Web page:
When I was growing up my first teacher, who I loved so dearly, helped me grow not only as a player, but also as person. I wish I could remember how she would address the problems I had and how she would help me to understand what I was doing. I always felt that she was bringing something out of me rather than making me into a cookie cutter person. I felt encouraged and safe to make mistakes, as long as I learned from them. I felt like I had the reigns, but that I was being lead in the right direction.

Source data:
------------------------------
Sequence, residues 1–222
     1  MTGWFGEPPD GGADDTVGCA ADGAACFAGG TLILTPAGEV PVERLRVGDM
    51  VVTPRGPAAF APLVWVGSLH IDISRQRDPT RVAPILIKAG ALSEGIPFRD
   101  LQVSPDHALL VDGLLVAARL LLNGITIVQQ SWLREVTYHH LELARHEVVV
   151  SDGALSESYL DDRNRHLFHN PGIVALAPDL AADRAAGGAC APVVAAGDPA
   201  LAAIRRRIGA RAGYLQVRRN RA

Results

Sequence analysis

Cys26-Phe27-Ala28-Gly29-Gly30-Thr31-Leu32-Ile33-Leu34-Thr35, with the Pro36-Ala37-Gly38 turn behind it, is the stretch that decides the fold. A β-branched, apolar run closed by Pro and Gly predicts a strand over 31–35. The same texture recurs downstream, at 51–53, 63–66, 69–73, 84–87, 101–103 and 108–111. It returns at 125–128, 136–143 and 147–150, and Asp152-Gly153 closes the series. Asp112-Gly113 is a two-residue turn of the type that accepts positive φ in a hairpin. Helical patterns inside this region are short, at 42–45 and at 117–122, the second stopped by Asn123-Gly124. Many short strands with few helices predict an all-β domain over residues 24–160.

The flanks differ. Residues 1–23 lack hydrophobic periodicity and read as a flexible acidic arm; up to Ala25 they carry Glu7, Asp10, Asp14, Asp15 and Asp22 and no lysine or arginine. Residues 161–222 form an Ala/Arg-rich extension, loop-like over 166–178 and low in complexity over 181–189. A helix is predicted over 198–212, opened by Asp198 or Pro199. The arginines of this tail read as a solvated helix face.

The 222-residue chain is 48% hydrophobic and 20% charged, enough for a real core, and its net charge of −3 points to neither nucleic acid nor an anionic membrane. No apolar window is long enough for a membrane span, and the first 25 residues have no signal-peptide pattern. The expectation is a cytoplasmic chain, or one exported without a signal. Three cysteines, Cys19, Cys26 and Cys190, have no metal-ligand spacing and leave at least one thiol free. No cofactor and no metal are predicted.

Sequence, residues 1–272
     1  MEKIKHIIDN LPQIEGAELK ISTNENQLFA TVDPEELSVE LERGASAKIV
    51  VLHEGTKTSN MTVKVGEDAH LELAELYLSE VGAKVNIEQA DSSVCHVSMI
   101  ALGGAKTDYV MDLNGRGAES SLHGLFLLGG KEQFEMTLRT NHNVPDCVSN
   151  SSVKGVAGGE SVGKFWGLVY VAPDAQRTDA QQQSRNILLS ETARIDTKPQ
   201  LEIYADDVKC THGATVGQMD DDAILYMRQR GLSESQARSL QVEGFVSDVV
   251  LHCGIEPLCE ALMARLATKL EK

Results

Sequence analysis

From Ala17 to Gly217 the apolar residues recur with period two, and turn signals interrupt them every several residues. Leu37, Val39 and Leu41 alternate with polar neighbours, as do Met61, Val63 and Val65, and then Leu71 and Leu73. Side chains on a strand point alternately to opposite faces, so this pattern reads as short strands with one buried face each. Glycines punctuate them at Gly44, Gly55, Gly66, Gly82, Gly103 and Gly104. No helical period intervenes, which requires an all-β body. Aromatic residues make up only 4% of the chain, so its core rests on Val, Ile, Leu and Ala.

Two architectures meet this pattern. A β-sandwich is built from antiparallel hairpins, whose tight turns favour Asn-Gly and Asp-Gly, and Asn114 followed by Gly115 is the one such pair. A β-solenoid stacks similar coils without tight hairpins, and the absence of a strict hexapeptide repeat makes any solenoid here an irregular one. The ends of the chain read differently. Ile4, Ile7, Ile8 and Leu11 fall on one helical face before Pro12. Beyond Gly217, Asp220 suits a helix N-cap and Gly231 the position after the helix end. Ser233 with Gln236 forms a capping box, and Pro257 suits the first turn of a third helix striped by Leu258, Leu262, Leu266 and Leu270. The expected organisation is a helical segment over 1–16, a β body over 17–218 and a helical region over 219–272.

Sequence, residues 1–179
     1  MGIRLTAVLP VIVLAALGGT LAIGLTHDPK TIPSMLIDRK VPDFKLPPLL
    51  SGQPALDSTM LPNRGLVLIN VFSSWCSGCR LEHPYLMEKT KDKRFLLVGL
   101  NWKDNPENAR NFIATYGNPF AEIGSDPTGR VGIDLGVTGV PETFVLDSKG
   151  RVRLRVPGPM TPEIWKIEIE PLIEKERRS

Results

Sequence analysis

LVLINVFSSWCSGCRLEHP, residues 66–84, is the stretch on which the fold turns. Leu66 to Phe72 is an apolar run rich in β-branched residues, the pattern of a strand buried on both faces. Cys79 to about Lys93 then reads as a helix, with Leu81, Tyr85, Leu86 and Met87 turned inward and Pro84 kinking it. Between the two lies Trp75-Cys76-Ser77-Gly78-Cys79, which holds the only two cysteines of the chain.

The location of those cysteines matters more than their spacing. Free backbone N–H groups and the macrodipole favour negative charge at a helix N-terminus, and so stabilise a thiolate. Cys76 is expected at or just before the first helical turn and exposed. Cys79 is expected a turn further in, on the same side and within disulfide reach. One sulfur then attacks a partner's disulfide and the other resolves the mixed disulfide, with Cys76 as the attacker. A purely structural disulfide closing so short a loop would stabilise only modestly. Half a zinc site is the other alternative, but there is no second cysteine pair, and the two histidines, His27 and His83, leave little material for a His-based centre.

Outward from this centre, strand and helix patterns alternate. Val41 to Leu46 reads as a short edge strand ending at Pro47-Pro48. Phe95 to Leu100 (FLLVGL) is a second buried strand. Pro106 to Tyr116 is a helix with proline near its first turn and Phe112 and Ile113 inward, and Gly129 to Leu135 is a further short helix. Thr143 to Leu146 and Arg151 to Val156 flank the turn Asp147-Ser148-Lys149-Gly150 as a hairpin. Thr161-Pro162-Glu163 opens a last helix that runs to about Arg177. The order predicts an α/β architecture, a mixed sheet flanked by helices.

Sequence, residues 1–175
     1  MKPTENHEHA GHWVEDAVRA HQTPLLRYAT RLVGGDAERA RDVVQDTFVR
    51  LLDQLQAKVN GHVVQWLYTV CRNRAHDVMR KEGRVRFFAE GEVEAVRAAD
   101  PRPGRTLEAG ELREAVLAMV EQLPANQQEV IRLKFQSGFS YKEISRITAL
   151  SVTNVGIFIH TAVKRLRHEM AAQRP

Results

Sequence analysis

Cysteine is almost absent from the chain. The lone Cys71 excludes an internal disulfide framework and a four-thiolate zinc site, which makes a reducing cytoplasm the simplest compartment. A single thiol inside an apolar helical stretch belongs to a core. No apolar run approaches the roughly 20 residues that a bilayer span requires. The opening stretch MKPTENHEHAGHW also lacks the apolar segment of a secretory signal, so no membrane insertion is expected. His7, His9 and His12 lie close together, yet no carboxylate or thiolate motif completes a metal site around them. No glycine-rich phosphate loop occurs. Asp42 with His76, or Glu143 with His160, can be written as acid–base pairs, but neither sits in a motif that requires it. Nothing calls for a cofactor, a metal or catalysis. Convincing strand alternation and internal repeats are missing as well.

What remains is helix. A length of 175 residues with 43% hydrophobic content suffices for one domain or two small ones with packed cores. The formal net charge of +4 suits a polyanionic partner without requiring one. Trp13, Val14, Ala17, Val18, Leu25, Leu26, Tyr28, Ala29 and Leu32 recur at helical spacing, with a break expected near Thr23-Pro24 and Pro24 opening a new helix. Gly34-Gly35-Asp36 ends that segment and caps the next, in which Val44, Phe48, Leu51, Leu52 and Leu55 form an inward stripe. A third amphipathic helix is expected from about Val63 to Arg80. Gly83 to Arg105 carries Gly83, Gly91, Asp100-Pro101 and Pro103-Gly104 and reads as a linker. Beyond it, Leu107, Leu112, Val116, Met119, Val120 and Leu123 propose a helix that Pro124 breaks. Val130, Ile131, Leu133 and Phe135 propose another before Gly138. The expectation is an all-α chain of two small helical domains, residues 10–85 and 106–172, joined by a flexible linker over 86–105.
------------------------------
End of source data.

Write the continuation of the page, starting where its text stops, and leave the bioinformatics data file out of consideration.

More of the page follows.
In many ways, being able to do something is more about having the right mind set than anything else. I'm really guilty of unconsciously and (consciously!) thinking in negative patterns, its only when I wake up enough to question my beliefs that I can stop the wheel from turning. The problem that I've faced, is that the negative patterns create negative actions, which creates negative experience, which then creates evidence that my negative mind set was correct. Its like a weird equation. For example, you can really psych yourself out in the wrong way before a performance and walk on stage with your nerves wayyyy over active, to the point where you're too nervous to perform at all, perform badly and then believe that performing is not only scary but that you will mess up. Whereas, if you would psych yourself out in a way that would allow you to relax, to feel confident, to feel inspired, you would walk on stage a completely different person, probably have a different experience and consequently enjoy playing and expect to have a positive experience. We are creatively interpreting the world around us, and we can be "existing" in a heaven or hell. Its a clique now, but I feel that its just something that we all, especially as performers can relate to. Its truly a mind game.